Wednesday, 15 August 2012

In This Trade it happens a Lot...

Kimberley Alderman gives a few of her thoughts on the antiquities trade (Another Reputable New York Dealer Busted for Trading in Looted Antiquities…).
This kind of thing is not the exception to the rule that the museum industry would have you think. Studies have repeatedly shown that 90% of the antiquities passing through the auction houses -- the most public portion of the market -- lack documentation to establish that they were excavated and exported in compliance with country of origin laws. If 90% of the antiquities traded on public portion of the market are unprovenanced, what would that percentage be for the private portion of the market [...]? As far as the art industry has come, museums still routinely purchase antiquities without appropriate provenance (documentation showing that the origin of a piece is legitimate). The standard is still not to buy pieces that are known to be illicit, but turning a blind eye is all too common, enabling unscrupulous dealers and traffickers to continue operating at an incredible profit. [...] There is a vast network out there for trading in illicit antiquities, and it is the licit market that serves as a smokescreen for and legitimizer of those transactions.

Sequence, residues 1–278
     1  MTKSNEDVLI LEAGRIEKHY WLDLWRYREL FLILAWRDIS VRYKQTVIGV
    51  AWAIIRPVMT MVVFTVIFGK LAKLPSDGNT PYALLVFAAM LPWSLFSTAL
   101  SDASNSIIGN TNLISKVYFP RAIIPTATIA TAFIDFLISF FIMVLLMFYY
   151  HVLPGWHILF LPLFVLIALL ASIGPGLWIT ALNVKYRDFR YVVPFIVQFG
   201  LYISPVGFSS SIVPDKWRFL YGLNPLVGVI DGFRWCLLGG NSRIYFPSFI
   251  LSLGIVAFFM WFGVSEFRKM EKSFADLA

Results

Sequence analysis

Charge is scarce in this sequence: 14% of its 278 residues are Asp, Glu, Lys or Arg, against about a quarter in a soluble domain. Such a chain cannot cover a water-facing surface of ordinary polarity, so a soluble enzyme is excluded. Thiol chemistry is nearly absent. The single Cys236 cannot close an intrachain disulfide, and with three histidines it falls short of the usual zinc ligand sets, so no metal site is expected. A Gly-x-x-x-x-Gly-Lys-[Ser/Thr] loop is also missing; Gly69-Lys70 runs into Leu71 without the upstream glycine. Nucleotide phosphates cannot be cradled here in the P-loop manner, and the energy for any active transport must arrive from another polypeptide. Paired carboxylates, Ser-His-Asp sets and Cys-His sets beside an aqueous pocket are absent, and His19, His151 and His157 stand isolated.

The million dollar question is however, just how much of the market, overall, actually IS licit? It seems common sense that with the sums of money involved, there has to be a very good reason, more than laziness and carelessness, for the lack of any sort of supporting documementation of the origins of as much as "90%" of the material on the market.

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